What’s this? A new Worthless Genius Podcast Episode?
It’s been forever since the last episode of the Worthless Genius Podcast, so bear with me as I get back into the swing of things.
In this weeks episode, I touch on the following topics:
Thank you for tuning in to the Worthless Genius Podcast. I hope you’ll stick around for Episode 2 of Season 2. Next episode will have a bit more flair, as I get used to Soundbooth and the overall workflow process.
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Or you can download it here: mp3 format
So, I ended up having quite a few problems with the original setup that weren’t expected. I am going to have to fundamentally change the way that I look at how I do work, and what exactly is needed while I am doing said work.
Here’s a fairly short explanation.
Originally I had planned to do this experiment using the 32-bit variants of Ubuntu and Windows XP. I have recently purchased 8GB of RAM, however, so I will need to use the 64-bit variants in order to take full advantage of this hardware.
What I need to know is which Windows version should I use?
- Windows XP 64-bit
- Windows Vista Ultimate 64-bit
- Windows 7 Beta 64-bit
If I stick with Windows XP 64-bit, will I have issues with Adobe CS4?
Will I hate myself for even thinking of installing Vista?
Should I bother with Windows 7, since the beta will run out in August?
Do you have any experience with any of these Operating Systems, or some insight that might help me make the right choice? Let me know in the comments.
When taking on a colossal effort such as this Workflow Experiment, it pays off immensely to do some preparation in order to save some time for you in the future.
Because I will end up doing 4 different Windows installations, there are a few things that I can do in order to save myself some time.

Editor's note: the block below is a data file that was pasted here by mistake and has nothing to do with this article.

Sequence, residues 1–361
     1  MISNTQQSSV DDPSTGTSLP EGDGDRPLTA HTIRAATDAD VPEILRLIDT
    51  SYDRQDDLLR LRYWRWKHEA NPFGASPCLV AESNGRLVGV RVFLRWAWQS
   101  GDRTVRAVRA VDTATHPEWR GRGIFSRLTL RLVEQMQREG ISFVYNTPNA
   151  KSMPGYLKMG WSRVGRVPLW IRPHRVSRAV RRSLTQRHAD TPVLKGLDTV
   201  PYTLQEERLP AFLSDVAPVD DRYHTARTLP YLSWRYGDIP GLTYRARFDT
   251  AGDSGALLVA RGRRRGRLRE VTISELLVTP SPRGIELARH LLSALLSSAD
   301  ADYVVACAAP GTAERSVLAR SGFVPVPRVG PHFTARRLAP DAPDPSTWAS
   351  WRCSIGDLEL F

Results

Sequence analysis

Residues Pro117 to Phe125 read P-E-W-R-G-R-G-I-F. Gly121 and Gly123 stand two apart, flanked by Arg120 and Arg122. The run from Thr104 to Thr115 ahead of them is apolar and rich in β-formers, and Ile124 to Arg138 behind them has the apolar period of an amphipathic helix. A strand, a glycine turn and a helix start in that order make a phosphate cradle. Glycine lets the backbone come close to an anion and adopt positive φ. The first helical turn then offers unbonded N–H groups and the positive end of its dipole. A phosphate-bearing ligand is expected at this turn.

I probably talk way too much about how much I dislike Windows, and not offer enough solid critical feedback for anyone to take me seriously. I was messing around with my XP install, trying to find a way to clearly divide the two main workflows that I have, and automate switching between, making it as easy–and fast–as possible to get things done.
Now, I don’t know if these issues are unique to me, and the way that I do things on Windows, but I have a feeling there are other people out there who will agree with me.
The two main workflows that I encounter in Windows:
There has been a lot of controversy lately about the viability of commercial, closed source applications running on Linux as a platform. The purists believe that all closed source applications are inherently evil, and should not be allowed to run on Linux, as it spoils the world of freedom. The other side of the coin are the people thinking about the future of Linux as a viable platform for even our grandparents to use.
I subscribe to the latter point of view. I’d like to point out one amazingly awesome piece of closed source commercial software for Linux.
So, I received my Adobe CS4 Design Premium, and finally got a chance today to do the installation. After 48 minutes of exciting installation time, where I was not allowed to use Firefox, it’s finally installed, and after the jump, you can see the results. Continue reading